A Massachusetts jury recently awarded a plaintiff more than $2 million in damages on malicious prosecution and defamation claims in a case that highlights the caution with which employers should engage the police in workplace investigations.
In Moran v. Khalil, et al., a longtime employee came to be suspected by her colleagues of having taken $18,000 in cash and checks that never made it into the company’s coffers.
The defendants — three company officials — argued that when they went to the local police department to report the findings of an internal investigation, they had both the right and a valid reason to do so. After making their initial report to the police, they left the police alone to draw their independent conclusions, they said.
But the plaintiff convinced the jury that not only was the defendants’ report more likely than not false, it was made with an improper, ulterior motive: to shift blame away from themselves for “mismanagement, incompetence, and dereliction of duty.”
On Dec. 13, a unanimous eight-member jury found that the plaintiff had proved both her malicious prosecution and defamation claims, and awarded $515,000 for economic harm, $1 million for emotional harm, and an additional $500,000 for harm to her reputation.
While working for Pentucket Medical Associates from 2008 to 2017, plaintiff Susan Moran was promoted several times, given added responsibilities and corresponding salary increases and bonuses.
In 2016 and 2017, she served as clerical manager at PMA. By spring of 2016, understaffing at PMA had created difficult working conditions, and Moran began looking for a new job.
In late January 2017, Moran notified her supervisor that she had accepted a position at Tufts Medical Center. She initially gave PMA four weeks’ notice but agreed to stay longer to train her replacement.
One of Moran’s many duties was to audit the reconciliations of patient payments and copayments received at two locations. Receptionists at those locations received checks, cash and credit cards from patients as payments or copayments for health services and posted those payments to patients’ accounts.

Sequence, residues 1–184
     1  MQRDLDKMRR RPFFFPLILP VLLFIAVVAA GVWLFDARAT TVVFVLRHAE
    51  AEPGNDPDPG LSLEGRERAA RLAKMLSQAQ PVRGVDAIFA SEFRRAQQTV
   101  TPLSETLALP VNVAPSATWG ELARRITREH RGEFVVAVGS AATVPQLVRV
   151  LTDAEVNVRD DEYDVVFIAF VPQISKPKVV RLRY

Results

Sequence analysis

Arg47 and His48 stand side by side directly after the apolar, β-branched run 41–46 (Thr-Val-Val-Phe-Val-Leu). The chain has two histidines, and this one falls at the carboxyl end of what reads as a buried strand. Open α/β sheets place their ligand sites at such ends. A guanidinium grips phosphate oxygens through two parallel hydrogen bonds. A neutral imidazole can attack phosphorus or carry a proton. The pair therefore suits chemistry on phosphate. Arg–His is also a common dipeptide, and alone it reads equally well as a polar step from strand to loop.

Due to understaffing, Moran, who primarily worked in another office, was asked to travel to the two locations to audit the receptionists’ cash and check bundle reconciliations and then ensure that the bundles of cash, checks and credit card slips were placed into locked bags to be picked up by PMA couriers.
The bags would then be delivered to PMA’s headquarters, undergoing a final audit before the cash and checks would be deposited at a bank.
Defendants Mike Baker and Jason Khalil, PMA’s senior director of finance, had key leadership roles in overseeing the company’s finances, while defendant Suzanne Constantino was the company’s director of human resources during the relevant period.
As Moran was getting ready to take her new job at Tufts, PMA began receiving complaints from patients about incorrect billing and checks not being cashed.
Part of the plaintiff’s theory was that as Baker and Khalil continued to be unable to pinpoint the cause of the copayment billing issues, they decided to make Moran their scapegoat for the loss of $18,000 that was missing, even though there was no evidence collected by security cameras or in financial records on which to base such a conclusion.
Moran was called into what quickly became an antagonistic meeting. The defendants claimed that, upon being confronted with the substantial amount of missing money, Moran made statements they considered incriminating.
Moran was told she would be suspended without pay pending the outcome of the investigation, but because she was already planning to join Tufts, she told the defendants that she would be leaving immediately.
Six days later, Khalil and Constantino reported to the police that Moran had stolen three months of cash and checks worth approximately $18,000. They supplied no surveillance video or bank records to support that assertion.
After speaking with all the relevant PMA employees, the officer looking into the allegations reported that he had been unable to find anyone who had actually seen Moran take the money.
But despite expressing reservations about the lack of valid evidence, he recommended that the matter be put before a clerk-magistrate to determine whether charges should be issued.
Moran did not appear at the hearing — she claimed inadequate notice — and a criminal charge for felony larceny was issued based solely on the police report.
The local District Attorney’s Office would ultimately file a nolle prosequi in the case — a formal notice of abandonment — due to the lack of evidence, but not before Moran made several court appearances, including being brought into the courtroom in handcuffs for her arraignment and bail hearing.
The whole experience took a toll on her performance at her new job, which she eventually felt compelled to leave, and her attempts to find suitable employment thereafter largely failed.
The ordeal also exacerbated Moran’s preexisting mental health issues and caused her to lose nearly 50 pounds and begin suffering from alcohol abuse.